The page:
Review:Homebrew Wind Power

Lasted edited by Andrew Munsey, updated on June 14, 2016 at 9:25 pm.

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Page first featured Nov. 5, 2008

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: Note: We've been told that the generators on these designs get so hot during high winds that they will combust anything flamible that touches them, possibly sparking a fire -- not good in high winds. July 20, 2009.

Reviewed by Congress:Member:Michael Riversong

Wind power is hot these days. Everyone knows that, but few have any idea how to make it work. As it turns out, wind power is a highly technical field. Large power companies can afford to hire good, well trained help. Homeowners often find themselves at a loss when trying to comprehend the intricacies of wind energy generation. Mistakes can be dangerous, so learning the fundamentals is essential. Generators can burn out or disintegrate, towers fall, blades break, and of course there are all the normal dangers present whenever electricity flows.

Fortunately, anyone with halfway decent mechanical ability can learn it, but there's a lot to learn. Up to now there have been few resources that cover all the basics in a coherent manner. There are some good books out, but most of them either display mostly giant corporate machines or leave out vital information. As with any technology there are always a few people who want to do it themselves from start to finish, if they can. Those people have largely been left out of new developments since the excellent Hackleman books of the late 70s and early 80s.

Now with this new book, the situation has improved considerably. Homebrew Wind Power shows, in a step-by-step manner, exactly how homeowners can build workable wind generators from scratch.

The only material left out of this book is a thorough explanation of all electricity basics. That's reasonable because such information is widely available from many sources, and would increase the mass of this volume unnecessarily. Good references are always given when appropriate.

Steps to making home wind generators are given in a practical order. Blades, metal structures, electrical assemblies, and final assembly are all thoroughly covered. Numerous photos and diagrams add a great deal to what might otherwise seem to be dry material. These are placed very well in ways that instantly provide good definitions of procedures and terms. The photos are also proof that the authors have spent a lot of time building systems, maintaining them, and teaching many others how to do this. Best of all, this book is readable with a good balance of technical information and relevant stories.

Hopefully, many people will obtain this book and benefit from it. In some cases, it is certain that readers will find some tasks beyond their ability. Thanks to the information in this book, that is easy to determine, and the appropriate help can be found before costly dead-ends are pursued. Yet surely some will go all the way, and have the satisfaction of finding themselves much closer to self-reliance.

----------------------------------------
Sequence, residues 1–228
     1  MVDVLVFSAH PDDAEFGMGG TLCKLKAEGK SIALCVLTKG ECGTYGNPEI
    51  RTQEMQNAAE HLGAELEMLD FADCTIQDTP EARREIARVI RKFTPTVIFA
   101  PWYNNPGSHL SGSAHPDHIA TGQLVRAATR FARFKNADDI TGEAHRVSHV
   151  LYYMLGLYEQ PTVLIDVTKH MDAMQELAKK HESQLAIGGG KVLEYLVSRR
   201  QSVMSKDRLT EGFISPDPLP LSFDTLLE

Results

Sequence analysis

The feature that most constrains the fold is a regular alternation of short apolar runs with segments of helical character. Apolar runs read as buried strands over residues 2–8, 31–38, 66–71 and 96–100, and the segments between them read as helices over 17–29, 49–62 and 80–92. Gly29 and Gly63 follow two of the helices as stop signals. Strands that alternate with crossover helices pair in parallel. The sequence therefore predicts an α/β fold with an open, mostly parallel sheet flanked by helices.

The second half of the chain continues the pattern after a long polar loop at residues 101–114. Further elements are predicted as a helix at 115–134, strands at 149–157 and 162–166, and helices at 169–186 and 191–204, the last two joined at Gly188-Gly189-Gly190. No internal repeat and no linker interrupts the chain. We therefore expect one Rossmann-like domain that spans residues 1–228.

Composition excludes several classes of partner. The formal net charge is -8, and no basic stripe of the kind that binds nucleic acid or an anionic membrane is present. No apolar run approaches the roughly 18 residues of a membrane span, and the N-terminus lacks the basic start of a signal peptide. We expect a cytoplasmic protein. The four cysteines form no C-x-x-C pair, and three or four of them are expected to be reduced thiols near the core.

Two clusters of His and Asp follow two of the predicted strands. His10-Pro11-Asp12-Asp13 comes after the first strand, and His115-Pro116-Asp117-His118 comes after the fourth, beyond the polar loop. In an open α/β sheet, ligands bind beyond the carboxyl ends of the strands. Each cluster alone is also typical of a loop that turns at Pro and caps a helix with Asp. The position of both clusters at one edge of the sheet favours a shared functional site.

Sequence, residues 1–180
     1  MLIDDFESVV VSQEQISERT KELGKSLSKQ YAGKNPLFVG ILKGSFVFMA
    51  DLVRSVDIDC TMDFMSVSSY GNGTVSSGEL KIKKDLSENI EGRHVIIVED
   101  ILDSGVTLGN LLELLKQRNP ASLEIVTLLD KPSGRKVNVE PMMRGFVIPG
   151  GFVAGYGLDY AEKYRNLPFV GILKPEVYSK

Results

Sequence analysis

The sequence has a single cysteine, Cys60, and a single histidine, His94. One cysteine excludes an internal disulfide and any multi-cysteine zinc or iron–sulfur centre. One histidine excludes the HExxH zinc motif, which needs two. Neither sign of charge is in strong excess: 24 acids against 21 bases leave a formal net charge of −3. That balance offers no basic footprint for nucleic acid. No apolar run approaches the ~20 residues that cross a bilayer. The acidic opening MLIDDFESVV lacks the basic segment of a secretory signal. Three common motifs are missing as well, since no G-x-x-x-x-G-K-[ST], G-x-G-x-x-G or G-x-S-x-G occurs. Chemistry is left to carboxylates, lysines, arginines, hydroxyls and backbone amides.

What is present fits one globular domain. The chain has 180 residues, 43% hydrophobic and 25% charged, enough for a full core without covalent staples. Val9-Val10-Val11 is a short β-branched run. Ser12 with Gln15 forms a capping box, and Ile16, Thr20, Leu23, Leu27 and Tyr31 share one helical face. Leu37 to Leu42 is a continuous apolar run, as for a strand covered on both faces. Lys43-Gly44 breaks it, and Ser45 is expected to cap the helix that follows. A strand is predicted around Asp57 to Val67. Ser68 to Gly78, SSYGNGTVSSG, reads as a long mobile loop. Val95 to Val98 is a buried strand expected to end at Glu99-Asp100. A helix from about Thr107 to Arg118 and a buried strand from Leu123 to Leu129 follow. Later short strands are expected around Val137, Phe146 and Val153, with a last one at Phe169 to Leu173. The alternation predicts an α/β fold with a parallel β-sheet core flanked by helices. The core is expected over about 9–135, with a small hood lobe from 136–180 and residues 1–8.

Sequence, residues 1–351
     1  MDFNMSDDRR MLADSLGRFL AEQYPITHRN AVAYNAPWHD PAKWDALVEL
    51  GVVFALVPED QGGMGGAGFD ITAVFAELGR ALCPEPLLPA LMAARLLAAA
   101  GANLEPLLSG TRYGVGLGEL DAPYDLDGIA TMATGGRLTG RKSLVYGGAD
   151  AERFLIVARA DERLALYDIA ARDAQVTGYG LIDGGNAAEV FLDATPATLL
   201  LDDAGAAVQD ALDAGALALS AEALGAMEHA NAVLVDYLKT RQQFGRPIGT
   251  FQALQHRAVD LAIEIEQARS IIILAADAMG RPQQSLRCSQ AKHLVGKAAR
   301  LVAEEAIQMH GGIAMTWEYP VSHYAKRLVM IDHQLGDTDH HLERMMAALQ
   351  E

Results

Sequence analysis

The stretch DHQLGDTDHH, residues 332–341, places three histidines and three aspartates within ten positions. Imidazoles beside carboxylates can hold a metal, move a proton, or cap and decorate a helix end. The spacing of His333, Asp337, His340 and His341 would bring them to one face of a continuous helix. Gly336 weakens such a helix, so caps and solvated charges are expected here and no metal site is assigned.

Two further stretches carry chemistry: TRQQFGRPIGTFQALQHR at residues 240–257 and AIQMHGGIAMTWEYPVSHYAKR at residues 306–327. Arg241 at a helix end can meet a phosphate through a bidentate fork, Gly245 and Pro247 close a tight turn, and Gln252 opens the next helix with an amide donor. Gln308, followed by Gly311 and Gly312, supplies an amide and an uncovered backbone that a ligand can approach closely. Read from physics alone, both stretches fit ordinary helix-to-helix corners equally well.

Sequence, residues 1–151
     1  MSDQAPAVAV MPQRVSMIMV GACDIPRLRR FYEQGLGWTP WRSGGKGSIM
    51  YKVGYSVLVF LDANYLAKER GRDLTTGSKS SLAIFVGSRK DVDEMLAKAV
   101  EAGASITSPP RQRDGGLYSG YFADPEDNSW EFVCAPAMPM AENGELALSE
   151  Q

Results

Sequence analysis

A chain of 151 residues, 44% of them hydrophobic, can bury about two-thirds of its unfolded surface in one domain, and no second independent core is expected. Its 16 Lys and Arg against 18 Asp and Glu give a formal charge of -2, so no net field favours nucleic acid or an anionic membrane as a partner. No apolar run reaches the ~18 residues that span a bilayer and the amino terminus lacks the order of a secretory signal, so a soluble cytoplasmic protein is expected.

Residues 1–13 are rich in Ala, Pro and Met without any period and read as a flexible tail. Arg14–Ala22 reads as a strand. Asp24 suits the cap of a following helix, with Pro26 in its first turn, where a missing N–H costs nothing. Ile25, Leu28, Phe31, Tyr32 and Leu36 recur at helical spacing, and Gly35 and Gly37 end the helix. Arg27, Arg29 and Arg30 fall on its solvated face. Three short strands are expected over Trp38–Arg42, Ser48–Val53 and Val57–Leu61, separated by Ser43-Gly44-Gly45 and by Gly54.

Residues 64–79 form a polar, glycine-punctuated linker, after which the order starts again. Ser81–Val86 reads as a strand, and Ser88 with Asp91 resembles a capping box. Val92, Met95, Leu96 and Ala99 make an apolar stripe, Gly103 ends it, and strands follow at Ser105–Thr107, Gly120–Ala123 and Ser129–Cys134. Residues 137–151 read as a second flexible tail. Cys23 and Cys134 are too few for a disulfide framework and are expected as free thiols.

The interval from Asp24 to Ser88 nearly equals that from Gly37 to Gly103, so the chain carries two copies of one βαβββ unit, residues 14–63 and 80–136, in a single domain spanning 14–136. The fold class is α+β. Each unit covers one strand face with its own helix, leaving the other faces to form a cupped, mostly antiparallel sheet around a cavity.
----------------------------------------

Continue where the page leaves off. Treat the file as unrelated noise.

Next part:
Official Websites

Book Info

Authors: Dan Bartmann and Dan Fink

Publisher: Buckville Publications LLC

PO Box 292

Masonville CO 80541Z

Released: January 1, 2009

Pages: 320

ISBN: 978-0981920108

Other Reviews

"A well-crafted blend of theory and practical information for all who want to build a quiet, efficient, and economical wind turbine to achieve greater energy independence and reduce their carbon footprint. These guys know their stuff and know how to convey it in a clear, concise, understandable, and humorous fashion." --Dan Chiras, PhD, author of Power from the Wind, The Homeowner's Guide to Renewable Energy, The Solar House, Green Home Improvement, and more.

"If you've ever thought the wind could be as productive as it is annoying, get this remarkable book, apply its clear-cut principles and procedures, and brew up a wind turbine. In their clever and amusing way, Dan and Dan show you how to power your house with the same forces that rattle the windowpanes. Buy it--it's the only book of its kind on planet Earth!" --Rex Ewing, author of Power with Nature, Got Sun? Go Solar, Hydrogen-Hot Stuff, Cool Science, and more.

"The Otherpower Dans and their crew learn more in their sleep about building good wind generators than the rest of us learn in the daylight. If you want to be able to build simple, robust, and productive wind turbines awake or asleep, buy this book!" --Ian Woofenden, Senior Editor, Home Power Magazine NW and Costa Rica coordinator, Solar Energy International, wind energy abuser.


Buckville Publications LLC

Phone:(970) 672-4342

E-Mail: []

Amazon Order

See also



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Directory:Wind:Past Developments



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Directory:High-Efficiency Horizontal Axis Wind Turbines

Directory:Home Generation:Wind Turbine

Directory:Vertical Axis Wind Turbines

Directory:High Altitude Wind Power


Directory:Wind Augmentation

Directory:Power Via Atmospheric Pressure Differences


Directory:Humdinger Windbelt



Directory:Wind Power in the United Kingdom

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